As I Lay Dying Essay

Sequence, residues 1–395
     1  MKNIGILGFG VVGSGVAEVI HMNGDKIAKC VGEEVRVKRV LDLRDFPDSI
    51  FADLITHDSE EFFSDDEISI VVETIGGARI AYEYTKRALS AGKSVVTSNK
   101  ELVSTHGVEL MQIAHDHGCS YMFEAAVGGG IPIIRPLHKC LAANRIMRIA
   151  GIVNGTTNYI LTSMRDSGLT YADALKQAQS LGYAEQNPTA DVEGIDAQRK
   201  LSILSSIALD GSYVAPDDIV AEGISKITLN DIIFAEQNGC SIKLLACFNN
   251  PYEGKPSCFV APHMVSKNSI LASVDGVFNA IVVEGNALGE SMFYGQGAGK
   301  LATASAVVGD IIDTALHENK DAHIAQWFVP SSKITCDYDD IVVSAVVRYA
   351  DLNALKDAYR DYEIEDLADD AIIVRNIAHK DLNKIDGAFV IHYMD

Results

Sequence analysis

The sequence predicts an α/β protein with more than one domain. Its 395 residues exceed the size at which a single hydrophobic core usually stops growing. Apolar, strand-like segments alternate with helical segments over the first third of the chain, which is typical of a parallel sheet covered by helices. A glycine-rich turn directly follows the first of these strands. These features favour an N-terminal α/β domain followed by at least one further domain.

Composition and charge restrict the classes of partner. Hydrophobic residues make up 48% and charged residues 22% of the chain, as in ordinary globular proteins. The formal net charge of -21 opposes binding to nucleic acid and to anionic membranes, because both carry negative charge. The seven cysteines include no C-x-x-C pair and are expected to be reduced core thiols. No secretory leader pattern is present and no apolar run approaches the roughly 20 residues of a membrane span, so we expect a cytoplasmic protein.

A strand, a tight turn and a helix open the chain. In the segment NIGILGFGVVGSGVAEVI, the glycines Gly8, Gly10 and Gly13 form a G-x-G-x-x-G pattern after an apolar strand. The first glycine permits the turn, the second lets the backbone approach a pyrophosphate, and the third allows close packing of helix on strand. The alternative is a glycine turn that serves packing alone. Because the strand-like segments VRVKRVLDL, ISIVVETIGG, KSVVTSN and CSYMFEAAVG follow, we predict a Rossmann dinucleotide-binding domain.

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Addie’s Thoughts about Words and Their Usage in As I Lay Dying Today the term “feminist” comes with a negative connotation and the wrong perception of shared beliefs such as “women are better than men,” or “feminism is about being victimized,” or “feminism is anti-motherhood.” Unfortunately, to the Southern Poverty Law Center, some sects of feminism are considered hate groups when, in actuality, they should be the total opposite. Feminists should be seen as believing in gender equality and equal opportunity. In William Faulkner’s As I Lay Dying we are shown his portrayal of women and gender politics of the south in the 1930’s. The main character, Addie, provides the plot and premise and series of events in the story, which is interesting considering she is a corpse for a majority of it. This said, Addie’s approach to language in the one chapter of her voice reveals her attempt to escape her suppression: as a “woman”, Addie cannot help but fall into the traps of “wife” and “mother”, and their associated duties. Addie ascribes no value to words; they are nothing more than dead sounds. And despite her claim that words are “quick and harmless”, she is tricked by them, and relies on them to take her revenge on Anse. While the word “sin” means nothing to Addie, she is nevertheless consumed by the idea of Sin. How ironic for the reader to decipher a chapter of words when Addie says they are empty shapes. Why Faulkner does this is so that the reader must stop after reading the shapes and interpret their meanings based on the reader’s own belief. He does not want everyone to read his work and think the same thing. By providing merely shapes, the reader can interpret the chapter and book anyway they want to. A majority of the chapter focuses on Addie’s contemplation on the insufficiency of language. “Words are no good;… words don’t ever fit what they are trying

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